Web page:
The Salton Sea is interesting because it shows the gamut of those connections or the different scales of those connections in different sorts of ways. Ecofeminists often write about how landscapes themselves tend to be feminized, and that’s part of how the landscapes are treated as unimportant. The landscapes’ being treated as Other or as exploitable is through feminization. That’s happened in the desert in a number of ways. The other perspective I bring to looking at the Salton Sea in its history. It’s on sovereign, native land. It’s on land of the Cahuilla, who have a very particular gender epistemology and gender practices and traditions that have been in part impacted and obliterated because of the presence of the Salton Sea and the presence of settlers in the desert. So there are gender systems that are altered specifically around it because of the Sea’s presence. The other piece of it (the more contemporary piece), that is connected to those very material links between environmental degradation and women’s health, is that the Salton Sea leaves behind all this very polluted particulate matter which causes major problems for respiratory health in communities around the Sea. And that has very specific impacts on women’s lives, as caretakers but also just as people who also have those respiratory health issues. So disproportionately high rates of childhood asthma impacts women’s lives in particular ways, because they’re primary caretakers in their families.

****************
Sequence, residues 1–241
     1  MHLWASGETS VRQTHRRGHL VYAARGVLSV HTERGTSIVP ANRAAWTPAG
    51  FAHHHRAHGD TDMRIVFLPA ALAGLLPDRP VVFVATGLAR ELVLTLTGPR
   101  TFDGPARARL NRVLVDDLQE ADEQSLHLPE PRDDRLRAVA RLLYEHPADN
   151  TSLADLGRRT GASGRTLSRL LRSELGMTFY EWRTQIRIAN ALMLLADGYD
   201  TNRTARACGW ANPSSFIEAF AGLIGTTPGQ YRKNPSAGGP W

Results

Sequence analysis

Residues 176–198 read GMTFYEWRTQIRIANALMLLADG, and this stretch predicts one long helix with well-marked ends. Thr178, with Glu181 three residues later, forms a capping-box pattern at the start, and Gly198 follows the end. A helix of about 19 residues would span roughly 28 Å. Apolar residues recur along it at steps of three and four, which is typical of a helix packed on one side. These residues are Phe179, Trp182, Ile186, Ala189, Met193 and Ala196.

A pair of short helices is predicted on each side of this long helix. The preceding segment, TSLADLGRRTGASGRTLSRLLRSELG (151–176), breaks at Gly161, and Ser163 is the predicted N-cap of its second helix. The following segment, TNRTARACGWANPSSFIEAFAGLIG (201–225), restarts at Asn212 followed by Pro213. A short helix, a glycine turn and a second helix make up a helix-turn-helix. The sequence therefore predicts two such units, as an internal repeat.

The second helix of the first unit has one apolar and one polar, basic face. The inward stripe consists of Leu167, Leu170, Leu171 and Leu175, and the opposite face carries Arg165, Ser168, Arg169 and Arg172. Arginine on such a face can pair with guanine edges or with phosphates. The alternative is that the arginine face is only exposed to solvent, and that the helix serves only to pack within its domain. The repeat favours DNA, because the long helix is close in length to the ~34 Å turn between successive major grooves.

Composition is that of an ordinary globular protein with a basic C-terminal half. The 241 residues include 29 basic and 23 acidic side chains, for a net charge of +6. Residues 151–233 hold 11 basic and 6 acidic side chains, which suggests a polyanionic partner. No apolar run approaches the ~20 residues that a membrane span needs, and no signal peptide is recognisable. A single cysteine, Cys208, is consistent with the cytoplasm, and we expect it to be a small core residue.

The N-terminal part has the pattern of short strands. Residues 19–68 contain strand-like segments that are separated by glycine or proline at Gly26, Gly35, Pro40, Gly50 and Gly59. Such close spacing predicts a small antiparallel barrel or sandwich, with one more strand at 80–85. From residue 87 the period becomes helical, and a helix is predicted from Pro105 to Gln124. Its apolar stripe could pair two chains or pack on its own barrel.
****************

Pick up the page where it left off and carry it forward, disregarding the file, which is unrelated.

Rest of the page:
ACTI: What is one concrete thing that can be done to improve the situation the Salton Sea?